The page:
Not all contacts are equal. Some are very important and account management speaks with them on a weekly/monthly basis. Others are contacts that are related to the account but are of less strategic importance. Don’t treat all contacts the same in CRM views and in reporting. Move the contacts that are most important to account management and sales to the top; don’t bury them. Create a “contact type field” that denotes if a contact is a primary contact, administrator, or what have you, and use this field to update account contact views.


People retire or move to new organizations every day. This is going to happen regardless of whether your company is using leads or standardizing on a contacts-only approach to CRM. When standardizing on contacts, though, it tends to jam up your CRM’s views and usability more than if you’re using leads. So, be sure you have a way to identify leads that are no longer at the company and a way for reps (and marketers) to easily exclude these contacts from views and reports.


Inevitably, a company will have people in their CRM that are not yet worth your effort. Marketing and sales operations teams need to jointly agree on how to process and manage these contacts. Here are the five main types of leads you might see and what to do with each group.

  1. No company. Keep them in the leads object until the company can be identified either via progressive profiling, inside sales qualification, or use of inferred IP.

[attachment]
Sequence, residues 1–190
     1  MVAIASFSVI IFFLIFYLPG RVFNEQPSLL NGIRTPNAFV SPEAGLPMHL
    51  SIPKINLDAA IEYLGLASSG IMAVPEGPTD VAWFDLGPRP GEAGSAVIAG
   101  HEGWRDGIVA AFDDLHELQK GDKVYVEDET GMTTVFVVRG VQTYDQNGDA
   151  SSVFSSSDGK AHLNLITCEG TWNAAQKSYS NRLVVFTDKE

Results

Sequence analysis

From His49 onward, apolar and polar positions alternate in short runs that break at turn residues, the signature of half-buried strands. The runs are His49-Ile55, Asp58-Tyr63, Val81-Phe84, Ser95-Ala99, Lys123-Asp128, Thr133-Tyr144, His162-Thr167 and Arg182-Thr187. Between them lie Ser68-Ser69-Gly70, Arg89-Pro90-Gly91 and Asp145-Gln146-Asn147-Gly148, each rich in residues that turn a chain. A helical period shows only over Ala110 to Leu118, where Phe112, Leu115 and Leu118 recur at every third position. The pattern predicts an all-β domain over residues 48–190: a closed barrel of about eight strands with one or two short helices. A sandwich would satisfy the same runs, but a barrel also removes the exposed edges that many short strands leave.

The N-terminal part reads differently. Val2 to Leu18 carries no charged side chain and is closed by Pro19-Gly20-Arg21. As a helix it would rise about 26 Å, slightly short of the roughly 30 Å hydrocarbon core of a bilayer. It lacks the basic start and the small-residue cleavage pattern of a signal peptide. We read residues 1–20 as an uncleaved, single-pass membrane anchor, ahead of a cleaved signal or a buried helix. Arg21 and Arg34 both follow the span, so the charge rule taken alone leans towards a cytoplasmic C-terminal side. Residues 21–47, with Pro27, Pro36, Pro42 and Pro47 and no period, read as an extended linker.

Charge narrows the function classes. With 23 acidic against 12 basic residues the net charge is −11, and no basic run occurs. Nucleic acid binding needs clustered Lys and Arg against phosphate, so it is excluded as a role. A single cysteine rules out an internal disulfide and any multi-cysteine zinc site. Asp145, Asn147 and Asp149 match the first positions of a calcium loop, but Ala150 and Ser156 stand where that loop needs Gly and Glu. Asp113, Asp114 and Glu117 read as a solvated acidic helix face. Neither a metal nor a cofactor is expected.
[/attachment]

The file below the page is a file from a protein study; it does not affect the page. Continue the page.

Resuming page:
2. Too far from ideal customer profile (ICP). Marketing and sales may wish to call out specific industries, countries, or company sizes (e.g. under $5m in revenue) which by default stay in the leads object.
  3. The ones that just give you pause. This is an area in the grey. People tend to keep these as leads with guidance for operations to review them once a quarter.
  4. Spam. Obviously erroneous, fake people should be purged from your CRM.
  5. Competitors. It’s common to see companies deleting “leads” from competitors. Don’t do this. It gives marketing insight into the content they are consuming, pages they are visiting, and more. Also, it gives you the ability to segment them out of marketing emails or (better yet) the ability to personalize your website to them if you have website personalization technology (e.g. a big we are hiring advertisement).


This process should already exist, but it becomes more imperative for companies that heavily make use of contacts and accounts. Ensure there is a process by which all the accounts that exist in your CRM are evaluated at the end of the year. Specifically, you want to ensure your company addresses those that were acquired, merged, or went out of business.


It’s a lot of data management/stewardship. Don’t just say marketing or sales ops is going to share responsibility and leave it at that. For each necessary data management or data governance process to successfully mechanize a shift over to a contacts-only approach to CRM, you need to bring it down to the individual. Specify who is responsible for reviewing the governance report each month and taking action and who is responsible for making sure lead routing and conversion is accurate. When it’s abstracted out to a group or even a function, that’s when accountability wanes and issues start to emerge.

Process considerations for lead conversions in the contacts-only approach.

If your system still forces you to create leads, here are things you’ll need to think through. Even if your company has the luxury to technically bypass the leads object, you’ll benefit by thinking through their related areas, especially, “Documented Agreement on Contact Placement.”


There are three main approaches that organizations use for their lead management method.